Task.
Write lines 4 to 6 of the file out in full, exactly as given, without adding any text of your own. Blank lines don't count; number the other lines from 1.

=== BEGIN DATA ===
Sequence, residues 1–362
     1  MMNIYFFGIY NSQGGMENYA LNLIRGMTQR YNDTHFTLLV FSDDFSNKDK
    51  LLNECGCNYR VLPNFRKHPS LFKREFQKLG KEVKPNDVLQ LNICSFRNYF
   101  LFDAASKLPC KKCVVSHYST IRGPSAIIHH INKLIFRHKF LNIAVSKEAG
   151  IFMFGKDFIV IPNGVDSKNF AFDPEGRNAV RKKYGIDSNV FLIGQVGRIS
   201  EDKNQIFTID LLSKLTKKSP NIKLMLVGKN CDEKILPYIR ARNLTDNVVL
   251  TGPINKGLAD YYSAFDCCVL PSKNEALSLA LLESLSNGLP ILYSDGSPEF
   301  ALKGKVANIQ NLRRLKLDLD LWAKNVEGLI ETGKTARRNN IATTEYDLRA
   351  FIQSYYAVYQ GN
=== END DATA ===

   101  LFDAASKLPC KKCVVSHYST IRGPSAIIHH INKLIFRHKF LNIAVSKEAG
   151  IFMFGKDFIV IPNGVDSKNF AFDPEGRNAV RKKYGIDSNV FLIGQVGRIS
   201  EDKNQIFTID LLSKLTKKSP NIKLMLVGKN CDEKILPYIR ARNLTDNVVL